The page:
Bake at least once a month

Baking is simply something that I thought I'd enjoy more than I did. I'll bake for fun in the future, but I probably will not be making it an actionable goal.

Sign up for classes

In 2019 I wanted to sign up for more classes, get a degree in Physics. I think that this ended up being too cumbersome with a full time job (especially since it wasn't entirely necessary). I still have an interest in physics but for the future I'm going to take a more casual approach.

Take a hike at least once a month

Hiking is another activity that I'd like to go on. I also want this to be less of a chore as well, and be more fun. Right now, I won't make it an actionable goal because I won't be getting a car until later this summer. But in the summer, I will revisit this.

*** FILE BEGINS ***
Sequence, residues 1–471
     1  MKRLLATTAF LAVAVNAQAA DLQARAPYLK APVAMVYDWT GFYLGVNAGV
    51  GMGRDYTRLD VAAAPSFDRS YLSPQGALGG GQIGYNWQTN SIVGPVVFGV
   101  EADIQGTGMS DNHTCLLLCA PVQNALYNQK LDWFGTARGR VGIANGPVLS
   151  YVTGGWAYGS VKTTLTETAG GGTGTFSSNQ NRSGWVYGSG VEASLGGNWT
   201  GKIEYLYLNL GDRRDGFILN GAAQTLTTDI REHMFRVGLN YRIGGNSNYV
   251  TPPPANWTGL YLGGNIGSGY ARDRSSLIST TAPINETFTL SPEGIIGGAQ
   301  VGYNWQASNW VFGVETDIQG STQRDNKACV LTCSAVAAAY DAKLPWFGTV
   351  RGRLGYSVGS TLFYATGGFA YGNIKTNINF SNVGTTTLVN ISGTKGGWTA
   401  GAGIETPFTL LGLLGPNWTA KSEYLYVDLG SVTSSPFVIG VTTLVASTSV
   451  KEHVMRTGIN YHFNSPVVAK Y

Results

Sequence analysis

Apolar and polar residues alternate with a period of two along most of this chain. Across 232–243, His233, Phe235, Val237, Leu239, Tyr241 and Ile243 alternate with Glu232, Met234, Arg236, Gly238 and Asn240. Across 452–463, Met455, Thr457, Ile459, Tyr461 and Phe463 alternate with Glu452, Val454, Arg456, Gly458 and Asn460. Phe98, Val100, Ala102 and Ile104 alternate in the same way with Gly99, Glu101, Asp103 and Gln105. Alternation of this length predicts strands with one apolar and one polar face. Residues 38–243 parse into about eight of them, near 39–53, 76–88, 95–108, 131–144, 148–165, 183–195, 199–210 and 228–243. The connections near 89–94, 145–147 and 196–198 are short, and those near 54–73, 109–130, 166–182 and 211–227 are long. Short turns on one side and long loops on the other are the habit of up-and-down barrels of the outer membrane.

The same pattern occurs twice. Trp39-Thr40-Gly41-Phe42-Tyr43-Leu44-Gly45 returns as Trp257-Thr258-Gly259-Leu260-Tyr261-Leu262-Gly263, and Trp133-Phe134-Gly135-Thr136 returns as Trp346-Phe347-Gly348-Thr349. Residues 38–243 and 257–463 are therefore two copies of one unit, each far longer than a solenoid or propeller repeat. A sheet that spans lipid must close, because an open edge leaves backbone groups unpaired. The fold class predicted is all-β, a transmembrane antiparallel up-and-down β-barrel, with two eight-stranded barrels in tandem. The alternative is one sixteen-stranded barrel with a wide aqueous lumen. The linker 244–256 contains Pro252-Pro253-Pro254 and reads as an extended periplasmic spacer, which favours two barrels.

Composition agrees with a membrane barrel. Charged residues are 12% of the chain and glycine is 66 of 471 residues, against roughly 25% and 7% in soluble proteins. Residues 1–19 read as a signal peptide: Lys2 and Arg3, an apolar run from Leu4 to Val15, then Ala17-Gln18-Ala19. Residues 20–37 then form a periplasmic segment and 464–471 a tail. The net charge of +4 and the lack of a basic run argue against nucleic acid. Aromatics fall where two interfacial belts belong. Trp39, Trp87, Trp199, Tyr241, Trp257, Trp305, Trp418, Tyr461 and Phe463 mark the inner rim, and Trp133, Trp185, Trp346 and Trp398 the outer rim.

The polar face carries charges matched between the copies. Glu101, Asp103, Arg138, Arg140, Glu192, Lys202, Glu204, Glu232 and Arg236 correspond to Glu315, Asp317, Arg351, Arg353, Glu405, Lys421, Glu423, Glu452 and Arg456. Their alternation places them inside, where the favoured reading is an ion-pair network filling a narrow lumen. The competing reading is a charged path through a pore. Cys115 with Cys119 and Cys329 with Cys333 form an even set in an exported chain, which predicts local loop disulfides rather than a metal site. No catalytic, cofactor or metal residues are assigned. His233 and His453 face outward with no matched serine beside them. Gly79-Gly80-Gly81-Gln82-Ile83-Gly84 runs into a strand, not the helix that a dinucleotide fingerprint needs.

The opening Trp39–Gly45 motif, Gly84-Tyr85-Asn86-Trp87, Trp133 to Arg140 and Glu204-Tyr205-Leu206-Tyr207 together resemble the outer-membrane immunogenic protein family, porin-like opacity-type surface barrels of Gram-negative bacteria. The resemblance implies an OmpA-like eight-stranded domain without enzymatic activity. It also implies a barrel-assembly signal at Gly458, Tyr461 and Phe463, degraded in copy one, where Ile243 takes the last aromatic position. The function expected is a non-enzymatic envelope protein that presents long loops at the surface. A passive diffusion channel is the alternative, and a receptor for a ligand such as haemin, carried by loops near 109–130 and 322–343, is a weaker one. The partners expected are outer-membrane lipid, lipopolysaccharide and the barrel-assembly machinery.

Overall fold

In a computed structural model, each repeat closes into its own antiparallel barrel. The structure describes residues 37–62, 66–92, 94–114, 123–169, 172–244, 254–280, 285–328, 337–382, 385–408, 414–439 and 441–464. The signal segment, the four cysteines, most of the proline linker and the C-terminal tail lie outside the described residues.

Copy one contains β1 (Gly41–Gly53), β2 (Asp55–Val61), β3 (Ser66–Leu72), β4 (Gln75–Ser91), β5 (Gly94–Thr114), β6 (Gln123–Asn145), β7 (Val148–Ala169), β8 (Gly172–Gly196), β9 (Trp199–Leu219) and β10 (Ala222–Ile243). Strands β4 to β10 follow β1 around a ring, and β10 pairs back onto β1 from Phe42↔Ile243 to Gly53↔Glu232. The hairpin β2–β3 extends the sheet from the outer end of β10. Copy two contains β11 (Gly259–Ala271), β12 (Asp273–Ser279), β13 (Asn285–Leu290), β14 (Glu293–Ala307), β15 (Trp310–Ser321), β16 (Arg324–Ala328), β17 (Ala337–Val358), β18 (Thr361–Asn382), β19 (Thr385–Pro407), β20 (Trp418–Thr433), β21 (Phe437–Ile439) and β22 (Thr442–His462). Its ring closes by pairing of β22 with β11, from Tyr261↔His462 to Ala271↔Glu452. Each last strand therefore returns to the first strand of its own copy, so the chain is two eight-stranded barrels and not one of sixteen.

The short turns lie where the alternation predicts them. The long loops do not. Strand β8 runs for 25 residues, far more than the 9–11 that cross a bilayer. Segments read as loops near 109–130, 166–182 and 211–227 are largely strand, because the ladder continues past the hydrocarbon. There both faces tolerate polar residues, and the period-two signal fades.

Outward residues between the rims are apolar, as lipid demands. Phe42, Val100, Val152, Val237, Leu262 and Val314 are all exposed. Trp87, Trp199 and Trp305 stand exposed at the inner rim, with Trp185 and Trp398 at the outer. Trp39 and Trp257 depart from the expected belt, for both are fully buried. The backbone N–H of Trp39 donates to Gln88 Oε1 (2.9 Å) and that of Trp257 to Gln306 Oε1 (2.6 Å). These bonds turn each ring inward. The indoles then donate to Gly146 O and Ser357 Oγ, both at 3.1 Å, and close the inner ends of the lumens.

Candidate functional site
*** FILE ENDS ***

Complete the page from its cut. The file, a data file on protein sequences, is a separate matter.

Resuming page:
Practice Rust at least once a week

Practicing Rust is something that I didn't necessarily do every week, but is something that I was really consistent at. I feel more and more comfortable with the language every day. Continuing to utilize it for as much as I can (for practice purposes) will be my continued goal for the future. Again, this is less explicitly actionable and more just something I want to do casually.

Blog at least once a week

Blogging once a week is something I fell out of fairly quick. Again, I blame an improper work-life balance.

That being said, recently I participated in a "30ThingsInDecember" challenge to myself which I blogged every day as a result. I noticed within about 13 days (where you can see I stopped) that the quality of the posts were lower and lower.